Microsoft outsmarts Apple Watch or something

“Microsoft is ramping up production and distribution of its Band smartwatch — capitalizing on the popularity of the device before Apple has shipped a single watch, the company announced Tuesday,” Matt Krantz “reports” for USA Today.

MacDailyNews Take: Proof of “popularity,” please?

Krantz continues, “Production of the Microsoft Band, a $200 fitness wearable that also functions as a streamlined smartwatch, will be boosted as the device will now be sold at retailers Best Buy, and Target. Previously, the Band was available only at Microsoft’s stores and at in limited quantities. The Band will also be sold in the United Kingdom.”

MacDailyNews Take: Proof of “popularity,” pretty please?

So far, we’ve got bupkis. “Limited quantities” could mean 100K units. Availability in just two countries simply does not support the “popularity” characterization.

Krantz continues, “The aggressive expansion of the Band comes a month before the Apple Watch is expected to be shipped. And while consumers don’t appear to be excited about the Apple Watch, the Band has been an unexpected hit for Microsoft.”

MacDailyNews Take: “Aggressive expansion?” As opposed to launching in Australia, Canada, China, France, Germany, Hong Kong, Japan, the UK and the US, all at once, like Apple Watch.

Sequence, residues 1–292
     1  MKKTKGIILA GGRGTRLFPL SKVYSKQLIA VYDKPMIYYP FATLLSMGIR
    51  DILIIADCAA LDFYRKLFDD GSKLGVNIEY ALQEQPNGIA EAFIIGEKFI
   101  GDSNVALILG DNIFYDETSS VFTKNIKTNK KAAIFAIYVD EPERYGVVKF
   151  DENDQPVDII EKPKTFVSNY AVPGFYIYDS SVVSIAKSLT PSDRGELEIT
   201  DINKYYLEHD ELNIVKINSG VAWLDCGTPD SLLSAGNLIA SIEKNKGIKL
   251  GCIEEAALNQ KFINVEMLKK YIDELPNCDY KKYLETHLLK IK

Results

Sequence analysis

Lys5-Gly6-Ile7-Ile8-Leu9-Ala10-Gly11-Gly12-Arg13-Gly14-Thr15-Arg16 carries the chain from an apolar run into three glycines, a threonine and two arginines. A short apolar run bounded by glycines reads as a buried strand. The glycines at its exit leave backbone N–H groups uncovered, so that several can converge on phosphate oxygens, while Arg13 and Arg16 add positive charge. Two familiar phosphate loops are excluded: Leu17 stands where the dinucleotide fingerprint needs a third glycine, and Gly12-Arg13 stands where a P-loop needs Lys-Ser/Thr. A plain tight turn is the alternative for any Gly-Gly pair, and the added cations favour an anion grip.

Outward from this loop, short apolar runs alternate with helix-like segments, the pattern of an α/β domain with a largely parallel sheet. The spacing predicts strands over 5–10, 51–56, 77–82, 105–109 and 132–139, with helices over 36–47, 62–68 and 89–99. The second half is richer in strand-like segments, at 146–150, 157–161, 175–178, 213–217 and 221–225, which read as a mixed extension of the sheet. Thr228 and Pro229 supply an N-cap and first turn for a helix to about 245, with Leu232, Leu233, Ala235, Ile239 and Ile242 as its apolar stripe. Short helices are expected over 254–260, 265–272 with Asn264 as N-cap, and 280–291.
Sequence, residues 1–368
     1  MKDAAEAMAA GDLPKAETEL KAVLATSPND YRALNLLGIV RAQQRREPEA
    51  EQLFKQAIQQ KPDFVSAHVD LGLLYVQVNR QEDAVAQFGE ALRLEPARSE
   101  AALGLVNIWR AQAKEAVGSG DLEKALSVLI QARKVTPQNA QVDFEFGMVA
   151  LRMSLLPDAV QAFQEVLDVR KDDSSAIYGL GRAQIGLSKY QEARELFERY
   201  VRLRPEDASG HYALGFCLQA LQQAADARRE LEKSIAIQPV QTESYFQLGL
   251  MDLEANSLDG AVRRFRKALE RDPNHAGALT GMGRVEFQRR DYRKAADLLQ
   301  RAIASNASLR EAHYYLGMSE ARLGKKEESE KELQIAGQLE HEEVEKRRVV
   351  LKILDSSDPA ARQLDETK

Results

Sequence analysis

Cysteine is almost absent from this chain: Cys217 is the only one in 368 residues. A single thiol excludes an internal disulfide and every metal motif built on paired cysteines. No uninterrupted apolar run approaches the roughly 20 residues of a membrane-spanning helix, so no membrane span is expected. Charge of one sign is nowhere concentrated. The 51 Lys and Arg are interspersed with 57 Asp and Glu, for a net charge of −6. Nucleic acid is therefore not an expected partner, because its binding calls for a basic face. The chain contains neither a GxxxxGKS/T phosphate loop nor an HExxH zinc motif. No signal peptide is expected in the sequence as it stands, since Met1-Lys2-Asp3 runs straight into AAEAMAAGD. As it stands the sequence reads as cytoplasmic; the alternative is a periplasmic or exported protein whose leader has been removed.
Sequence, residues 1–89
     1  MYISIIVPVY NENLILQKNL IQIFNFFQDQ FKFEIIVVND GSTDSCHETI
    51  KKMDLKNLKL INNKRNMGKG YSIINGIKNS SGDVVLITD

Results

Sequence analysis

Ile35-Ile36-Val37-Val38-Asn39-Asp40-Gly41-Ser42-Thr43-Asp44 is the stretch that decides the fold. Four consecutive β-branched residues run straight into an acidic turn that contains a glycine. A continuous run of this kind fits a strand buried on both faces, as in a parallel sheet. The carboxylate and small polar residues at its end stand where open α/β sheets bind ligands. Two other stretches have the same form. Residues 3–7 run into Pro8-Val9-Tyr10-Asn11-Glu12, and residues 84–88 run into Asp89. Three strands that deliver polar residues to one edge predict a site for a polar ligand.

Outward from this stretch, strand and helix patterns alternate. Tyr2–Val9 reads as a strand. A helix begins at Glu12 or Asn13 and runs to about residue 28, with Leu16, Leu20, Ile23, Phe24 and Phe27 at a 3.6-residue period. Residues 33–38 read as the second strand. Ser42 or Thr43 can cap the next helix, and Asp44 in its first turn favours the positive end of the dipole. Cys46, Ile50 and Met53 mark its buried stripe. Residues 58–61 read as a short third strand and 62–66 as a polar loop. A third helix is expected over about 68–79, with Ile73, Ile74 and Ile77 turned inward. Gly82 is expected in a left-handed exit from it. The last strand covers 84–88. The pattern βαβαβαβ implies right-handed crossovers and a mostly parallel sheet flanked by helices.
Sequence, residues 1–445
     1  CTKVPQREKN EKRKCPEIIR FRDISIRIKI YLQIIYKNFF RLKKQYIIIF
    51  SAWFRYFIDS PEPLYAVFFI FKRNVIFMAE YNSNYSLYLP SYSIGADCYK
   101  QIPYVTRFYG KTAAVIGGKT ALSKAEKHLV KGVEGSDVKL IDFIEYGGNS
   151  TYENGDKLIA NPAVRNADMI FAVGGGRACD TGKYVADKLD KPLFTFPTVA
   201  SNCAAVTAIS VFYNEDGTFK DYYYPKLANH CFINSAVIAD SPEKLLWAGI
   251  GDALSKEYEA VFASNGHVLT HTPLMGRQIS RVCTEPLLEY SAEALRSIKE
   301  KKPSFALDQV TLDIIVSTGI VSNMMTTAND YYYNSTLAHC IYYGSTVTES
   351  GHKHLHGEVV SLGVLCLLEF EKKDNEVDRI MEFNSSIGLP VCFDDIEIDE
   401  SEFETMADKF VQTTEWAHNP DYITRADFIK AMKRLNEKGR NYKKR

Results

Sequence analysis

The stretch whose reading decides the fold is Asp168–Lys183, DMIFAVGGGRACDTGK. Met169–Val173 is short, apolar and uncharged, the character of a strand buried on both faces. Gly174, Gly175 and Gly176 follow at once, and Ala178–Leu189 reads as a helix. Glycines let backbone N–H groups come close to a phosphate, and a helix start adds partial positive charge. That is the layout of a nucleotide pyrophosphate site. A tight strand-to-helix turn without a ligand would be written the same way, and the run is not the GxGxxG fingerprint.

The link Krantz has applied to “don’t appear to be excited about the Apple Watch” shows that, even before launch, some 31% of U.S. consumers polled are interested in buying the Apple Watch (that’s 60 million people) and that 13% of respondents said they would consider purchasing an iPhone in order to use Apple Watch to its full capabilities.

Again, this is even before launch, before anyone has seen an Apple Watch in person, tried one on, or used one. These are astronomical numbers that show the massive potential of Apple Watch. That is what Krantz ludicrously describes as consumers not appearing to be excited. That he hides the actual information behind a link is rather telling.

Krantz continues, “Microsoft hasn’t disclosed sales numbers, but the product has been constantly out of stock in Microsoft Stores and available only for consumers who put their names on wait lists.”

MacDailyNews Take: “Microsoft hasn’t disclosed sales numbers,” but, according to this little yellow journalist Matt Krantz, Microsoft Band is “popular” and “an unexpected hit.” Puleeze.

Krantz continues, “Apple’s stock faltered after showing its watch last week.”

MacDailyNews Take: Meaningless and beyond desperate, but let’s check out a bit of history for grins:

On January 27, 2010, Steve Jobs unveiled the iPad. The next day, January 28th, AAPL closed down $1.16 (-4.14%) at a split-adjusted $26.85. On April 5th, after iPad’s launch weekend, AAPL closed at $32.14 (+19.70%). AAPL currently stands at $127.00 (+295.15%).